principle laid down by Collot d'Herbois still holds good: "Tout est permis pourquiconque agit dans le sens de la révolution." All this was unknown to me when I first embarked on my work. I knew that French writers of the past had distorted facts to suit their own political views, that aconspiracy of history is still directed by certain influences in the masonic lodgesand the Sorbonne; I did not know that this conspiracy was being carried on in thiscountry. Therefore the publisher's warning did not daunt me. If I was wrong eitherin my conclusions or facts I was prepared to be challenged. Should not years of laborious historical research meet either with recognition or with reasoned andscholarly refutation? But although my book received a great many generous andappreciative reviews in the press, criticisms which were hostile took a form which Ihad never anticipated. Not a single honest attempt was made to refute either my 
 French Revolution
World Revolution
by the usual methods of controversy;statements founded on documentary evidence were met with flat contradictionunsupported by a shred of counter evidence. In general the plan adopted was notto disprove, but to discredit by means of flagrant misquotations, by attributing tome views I had never expressed, or even by means of offensive personalities. It willsurely be admitted that this method of attack is unparalleled in any other sphere of literary controversy.It is interesting to notice that precisely the same line was adopted a hundred yearsago with regard to Professor Robison and the Abbé Barruel, whose works on thesecret causes of the French Revolution created an immense sensation in their day.The legitimate criticisms that might have been made on their work find no place inthe diatribes levelled against them; their enemies content themselves merely withcalumnies and abuse. A contemporary American writer, Seth Payson, thusdescribes the methods employed to discredit them:The testimony of Professor Robison and Abbé Barruel would doubtless have beenconsidered as ample in any case which did not interest the prejudices and passionsof men against them. The scurrility and odium with which they have been loaded isperfectly natural, and what the nature of their testimony would have led one toexpect. Men will endeavour to invalidate that evidence which tends to unveil theirdark designs: and it cannot be expected that those who believe that "the endsanctifies the means" will be very scrupulous as to their measures. Certainly he wasnot who invented the following character and arbitrarily applied it to Dr. Robison, which might have been applied with as much propriety to any other person inEurope or America. The character here referred to, is taken from the American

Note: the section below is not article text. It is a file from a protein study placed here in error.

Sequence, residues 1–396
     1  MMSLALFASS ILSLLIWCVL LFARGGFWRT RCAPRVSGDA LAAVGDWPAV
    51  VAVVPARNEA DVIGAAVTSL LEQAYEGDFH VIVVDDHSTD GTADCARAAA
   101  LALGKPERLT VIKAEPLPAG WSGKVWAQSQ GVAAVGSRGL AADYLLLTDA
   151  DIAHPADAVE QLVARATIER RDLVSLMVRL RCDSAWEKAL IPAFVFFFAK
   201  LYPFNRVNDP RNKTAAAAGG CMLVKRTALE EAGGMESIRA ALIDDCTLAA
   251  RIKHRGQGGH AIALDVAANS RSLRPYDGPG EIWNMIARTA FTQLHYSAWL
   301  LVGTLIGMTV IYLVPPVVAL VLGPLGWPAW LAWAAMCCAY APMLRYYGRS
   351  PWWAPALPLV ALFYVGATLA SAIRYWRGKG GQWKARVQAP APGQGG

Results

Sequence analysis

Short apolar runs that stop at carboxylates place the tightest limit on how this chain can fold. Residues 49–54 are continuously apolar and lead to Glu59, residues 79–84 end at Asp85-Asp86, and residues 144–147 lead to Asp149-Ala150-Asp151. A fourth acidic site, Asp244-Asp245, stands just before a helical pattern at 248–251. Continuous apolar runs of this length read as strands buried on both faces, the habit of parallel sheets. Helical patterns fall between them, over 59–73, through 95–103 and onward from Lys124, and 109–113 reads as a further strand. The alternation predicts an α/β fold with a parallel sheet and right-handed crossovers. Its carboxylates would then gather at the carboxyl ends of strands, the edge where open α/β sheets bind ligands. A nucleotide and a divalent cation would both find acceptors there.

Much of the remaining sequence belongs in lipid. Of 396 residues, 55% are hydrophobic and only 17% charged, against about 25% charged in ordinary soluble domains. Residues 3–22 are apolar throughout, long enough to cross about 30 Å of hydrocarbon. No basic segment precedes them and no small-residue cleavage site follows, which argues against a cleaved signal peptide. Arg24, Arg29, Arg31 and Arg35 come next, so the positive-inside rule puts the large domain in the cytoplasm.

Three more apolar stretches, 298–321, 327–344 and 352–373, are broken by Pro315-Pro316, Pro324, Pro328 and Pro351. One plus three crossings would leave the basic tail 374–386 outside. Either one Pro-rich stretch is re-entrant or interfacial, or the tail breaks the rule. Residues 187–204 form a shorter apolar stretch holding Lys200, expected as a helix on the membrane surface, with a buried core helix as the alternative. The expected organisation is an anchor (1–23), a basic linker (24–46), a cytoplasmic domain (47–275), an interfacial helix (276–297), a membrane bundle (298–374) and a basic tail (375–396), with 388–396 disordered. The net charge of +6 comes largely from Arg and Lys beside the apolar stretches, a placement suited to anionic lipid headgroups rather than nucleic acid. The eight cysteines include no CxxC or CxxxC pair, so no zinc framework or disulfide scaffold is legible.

, printed at Hartford, September 26, 1799, by E. Babcock. In this paper,on the pretended authority of Professor Ebeling, we are told "that Robison hadlived too fast for his income, and to supply deficiencies had undertaken to alter a bank bill, that he was detected and fled to France; that having been expelled the